Even now, trying to impart this idea, I do wrestle with the idea that all love is worthy love. I think it is true that a there is no such thing as false love, only false lovers.
Goethe expressed the idea that we are changed by what we love even as what we love remains unchanged by our act of loving it. I have certainly seen this to be true.
My affair was misguided, the love was as false as it could be and the figure of the beloved in this book is also. All that angst and all that conflict is bubbling within the heart of a false love, true love is joyful, it is peaceful, it does not thrive on turmoil.
Dante never really understood this. He idealized Beatrice at a great cost to his own life. But I think his readers got it for him.
All love is sacred, all love, freely and truly given in trust to another person, an animal, a scene or an idea, is true love. Just as hope is real and enduring, so is the act of love. I hope you can understand that paradox and accept yourself for the times when you have loved unwisely.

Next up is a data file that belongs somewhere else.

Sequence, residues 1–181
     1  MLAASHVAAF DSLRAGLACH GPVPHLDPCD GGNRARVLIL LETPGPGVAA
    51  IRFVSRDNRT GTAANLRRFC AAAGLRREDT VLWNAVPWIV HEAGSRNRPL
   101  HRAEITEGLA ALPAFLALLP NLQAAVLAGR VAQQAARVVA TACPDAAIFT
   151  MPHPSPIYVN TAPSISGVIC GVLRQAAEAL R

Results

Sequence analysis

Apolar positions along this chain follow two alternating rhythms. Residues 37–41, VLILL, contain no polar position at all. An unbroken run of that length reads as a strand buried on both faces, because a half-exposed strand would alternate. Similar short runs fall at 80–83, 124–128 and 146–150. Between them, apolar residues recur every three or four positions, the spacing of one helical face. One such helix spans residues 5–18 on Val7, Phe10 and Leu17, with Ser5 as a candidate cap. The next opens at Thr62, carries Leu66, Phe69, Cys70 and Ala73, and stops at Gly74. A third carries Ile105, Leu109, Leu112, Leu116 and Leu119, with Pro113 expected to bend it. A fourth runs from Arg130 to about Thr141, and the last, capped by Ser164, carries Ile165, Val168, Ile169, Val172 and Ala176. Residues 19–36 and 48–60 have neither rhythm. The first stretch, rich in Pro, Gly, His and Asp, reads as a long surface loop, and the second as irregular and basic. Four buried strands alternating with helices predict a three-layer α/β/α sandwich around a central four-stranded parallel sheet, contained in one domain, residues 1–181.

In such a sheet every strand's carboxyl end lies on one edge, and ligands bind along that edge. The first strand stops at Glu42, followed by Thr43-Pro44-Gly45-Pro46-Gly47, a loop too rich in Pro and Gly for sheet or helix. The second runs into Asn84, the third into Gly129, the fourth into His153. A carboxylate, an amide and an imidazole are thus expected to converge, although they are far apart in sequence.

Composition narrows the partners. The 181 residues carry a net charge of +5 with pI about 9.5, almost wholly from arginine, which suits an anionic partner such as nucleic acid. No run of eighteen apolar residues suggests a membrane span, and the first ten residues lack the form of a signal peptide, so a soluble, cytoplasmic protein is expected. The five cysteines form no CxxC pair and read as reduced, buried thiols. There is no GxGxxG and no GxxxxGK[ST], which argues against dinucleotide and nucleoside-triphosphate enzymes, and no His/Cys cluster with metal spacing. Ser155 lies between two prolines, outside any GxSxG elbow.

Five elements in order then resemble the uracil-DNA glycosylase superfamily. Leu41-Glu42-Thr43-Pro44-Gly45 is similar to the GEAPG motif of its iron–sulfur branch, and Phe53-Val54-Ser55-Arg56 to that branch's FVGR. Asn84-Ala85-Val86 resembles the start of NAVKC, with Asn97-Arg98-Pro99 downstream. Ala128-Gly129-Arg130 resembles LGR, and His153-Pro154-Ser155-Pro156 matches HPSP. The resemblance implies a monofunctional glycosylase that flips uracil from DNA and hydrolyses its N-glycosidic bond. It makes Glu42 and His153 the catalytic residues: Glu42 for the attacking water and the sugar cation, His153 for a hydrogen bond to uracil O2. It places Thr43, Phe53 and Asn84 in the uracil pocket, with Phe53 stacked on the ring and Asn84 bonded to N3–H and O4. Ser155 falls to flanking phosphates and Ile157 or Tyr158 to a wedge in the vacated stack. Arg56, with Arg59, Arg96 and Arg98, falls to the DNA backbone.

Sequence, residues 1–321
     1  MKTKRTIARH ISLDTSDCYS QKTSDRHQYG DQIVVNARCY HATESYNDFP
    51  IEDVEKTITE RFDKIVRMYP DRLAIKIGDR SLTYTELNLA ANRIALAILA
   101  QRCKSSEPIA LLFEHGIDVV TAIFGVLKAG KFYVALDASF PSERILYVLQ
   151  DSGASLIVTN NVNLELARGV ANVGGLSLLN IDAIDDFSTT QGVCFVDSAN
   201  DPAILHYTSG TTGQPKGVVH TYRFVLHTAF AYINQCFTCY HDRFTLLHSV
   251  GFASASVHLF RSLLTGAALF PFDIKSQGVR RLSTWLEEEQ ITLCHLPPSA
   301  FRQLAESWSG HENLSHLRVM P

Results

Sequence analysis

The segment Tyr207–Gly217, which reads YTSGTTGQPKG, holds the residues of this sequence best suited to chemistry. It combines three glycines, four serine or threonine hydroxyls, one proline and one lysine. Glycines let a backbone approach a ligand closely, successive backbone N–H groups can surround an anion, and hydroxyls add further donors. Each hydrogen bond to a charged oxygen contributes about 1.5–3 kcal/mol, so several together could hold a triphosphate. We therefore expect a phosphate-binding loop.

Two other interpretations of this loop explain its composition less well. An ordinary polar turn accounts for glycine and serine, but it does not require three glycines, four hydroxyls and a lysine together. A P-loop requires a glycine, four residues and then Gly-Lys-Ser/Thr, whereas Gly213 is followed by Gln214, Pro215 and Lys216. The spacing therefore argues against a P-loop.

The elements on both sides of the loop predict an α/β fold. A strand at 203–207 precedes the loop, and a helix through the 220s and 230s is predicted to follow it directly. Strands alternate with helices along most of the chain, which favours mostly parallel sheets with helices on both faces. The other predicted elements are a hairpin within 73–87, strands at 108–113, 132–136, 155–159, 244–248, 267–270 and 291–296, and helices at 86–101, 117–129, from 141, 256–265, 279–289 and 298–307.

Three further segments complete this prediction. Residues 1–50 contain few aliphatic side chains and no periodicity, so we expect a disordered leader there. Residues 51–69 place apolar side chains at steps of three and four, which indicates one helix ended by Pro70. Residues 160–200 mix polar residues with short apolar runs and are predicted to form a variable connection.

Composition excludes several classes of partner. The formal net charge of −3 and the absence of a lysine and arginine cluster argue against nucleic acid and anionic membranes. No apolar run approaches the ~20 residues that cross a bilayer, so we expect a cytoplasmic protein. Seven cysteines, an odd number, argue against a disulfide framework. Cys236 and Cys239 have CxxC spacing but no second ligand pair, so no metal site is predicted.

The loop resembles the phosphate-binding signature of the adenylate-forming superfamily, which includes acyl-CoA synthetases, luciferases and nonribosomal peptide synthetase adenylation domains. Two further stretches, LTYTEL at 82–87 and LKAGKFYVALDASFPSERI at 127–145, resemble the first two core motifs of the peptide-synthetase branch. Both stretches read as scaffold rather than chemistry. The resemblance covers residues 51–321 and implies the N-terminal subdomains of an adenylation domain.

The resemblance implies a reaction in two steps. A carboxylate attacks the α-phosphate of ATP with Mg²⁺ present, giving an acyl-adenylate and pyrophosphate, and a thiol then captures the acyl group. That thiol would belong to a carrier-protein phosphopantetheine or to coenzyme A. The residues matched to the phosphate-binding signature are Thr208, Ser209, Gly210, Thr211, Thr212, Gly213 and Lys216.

I learned a great deal from my false love and was changed by it forever. The life I have now, the true love, the marriage, the peace, the joy — none of that would have come to me had I been content to live without the pursuit of that false love.
So while it is fruitless to push the river, it is, in a sense, the whole point of life. Your path goes through the rocky places as well as the smooth. Sometimes you must forge ahead when you are doing the wrong thing for the wrong reasons and that’s a kind of hell but the only way out is through.
Those cliches are all true, deeply true, they are our mythology as human beings. We say them to each other daily, they are the wisdom we have left to pass on. We no longer gather round a fire to tell the stories of the great ones, we need to live those stories, in microcosm in our own lives. And we do it with the blessing and support of all of those we encounter, even when we don’t know it, even when they deny it.
I searched my heart for a reminder of that longing. I thought of him alone so far away and longing, which he loves to do and I knew it was no longer for me. I had loved as a gift and now could withdraw as the giver.